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Overall Rating

Awesome: 38.89%
Worth A Look: 5.56%
Pretty Bad: 0%
Total Crap: 5.56%

2 reviews, 6 user ratings

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Take Shelter
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by Rollie Schott

"A potent, brooding meditation on the death of the American dream."
5 stars

Michael Shannon is perhaps the most viscerally powerful actor in the movies. His eyes possess an unparalleled intensity. He has been long overdue for a leading role of this caliber, and longer overdue still for an Academy Award nomination. In Jeff Nichols’ “Take Shelter”, he offers a performance that may earn him one. Unlike his Hollywood peers, Shannon has the burdened look of an ordinary man. There is little romance in him. His brow is pressed into an awkward scowl, his smile only half-committed. He looks a little innocent, a little stupid, but more than anything he is vulnerable, illuminating deep wells of feeling. I can think of no other performer like him. Naturally, without exaggeration or theatrics, he draws on a ferocity that is uniquely his own, and has attracted more than a couple extraordinary filmmakers, from Sydney Lumet to Werner Herzog.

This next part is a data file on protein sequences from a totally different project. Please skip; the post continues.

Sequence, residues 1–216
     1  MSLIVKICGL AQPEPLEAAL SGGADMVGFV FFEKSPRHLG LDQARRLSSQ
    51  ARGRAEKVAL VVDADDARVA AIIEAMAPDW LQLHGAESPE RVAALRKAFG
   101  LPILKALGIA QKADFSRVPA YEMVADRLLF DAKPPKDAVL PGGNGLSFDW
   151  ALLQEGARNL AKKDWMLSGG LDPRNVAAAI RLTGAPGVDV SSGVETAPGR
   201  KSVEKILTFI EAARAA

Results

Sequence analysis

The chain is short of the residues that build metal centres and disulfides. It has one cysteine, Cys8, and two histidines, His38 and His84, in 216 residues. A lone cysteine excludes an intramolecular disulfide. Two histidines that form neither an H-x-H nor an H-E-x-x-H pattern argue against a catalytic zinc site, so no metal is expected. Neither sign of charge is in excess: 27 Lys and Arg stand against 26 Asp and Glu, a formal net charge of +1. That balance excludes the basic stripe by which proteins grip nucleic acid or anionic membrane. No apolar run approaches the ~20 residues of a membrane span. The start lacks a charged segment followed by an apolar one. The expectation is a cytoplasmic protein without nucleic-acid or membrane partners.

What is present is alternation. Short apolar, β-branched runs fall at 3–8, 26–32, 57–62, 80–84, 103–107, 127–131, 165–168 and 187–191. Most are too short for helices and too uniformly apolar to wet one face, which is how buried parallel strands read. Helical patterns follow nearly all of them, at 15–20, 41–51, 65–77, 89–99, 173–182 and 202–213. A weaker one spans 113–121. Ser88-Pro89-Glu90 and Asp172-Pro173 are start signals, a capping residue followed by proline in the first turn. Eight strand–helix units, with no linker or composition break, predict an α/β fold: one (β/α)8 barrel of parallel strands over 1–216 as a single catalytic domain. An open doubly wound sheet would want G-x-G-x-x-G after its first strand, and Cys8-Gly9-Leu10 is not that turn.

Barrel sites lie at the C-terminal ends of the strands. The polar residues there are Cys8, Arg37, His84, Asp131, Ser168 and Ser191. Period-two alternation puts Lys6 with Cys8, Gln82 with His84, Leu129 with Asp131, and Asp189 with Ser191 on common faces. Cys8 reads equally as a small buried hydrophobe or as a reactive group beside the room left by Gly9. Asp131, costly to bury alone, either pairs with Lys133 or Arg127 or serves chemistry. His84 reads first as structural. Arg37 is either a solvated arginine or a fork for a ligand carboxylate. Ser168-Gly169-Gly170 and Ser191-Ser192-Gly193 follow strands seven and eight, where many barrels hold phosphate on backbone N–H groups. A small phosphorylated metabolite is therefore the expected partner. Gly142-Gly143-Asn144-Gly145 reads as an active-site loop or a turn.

In “Take Shelter”, his second collaboration with Nichols, Shannon plays Curtis LaForche, a construction worker in rural Ohio. The time is the present. The economy is a looming threat to the American family (and in more ways than one this film works as an allegory for these hard times). Curtis, as is told to him by his friend and coworker, “must be doing something right.” He has a beautiful wife, Samantha (Jessica Chastain), and a young daughter, Hannah (Tova Stewart), who, while deaf, is well behaved and happy. Curtis works a well-paying job in construction. He has enviable benefits. Word arrives that Hannah may qualify for a cochlear implant that would restore her hearing. Hard work seems to have brought the pieces into place.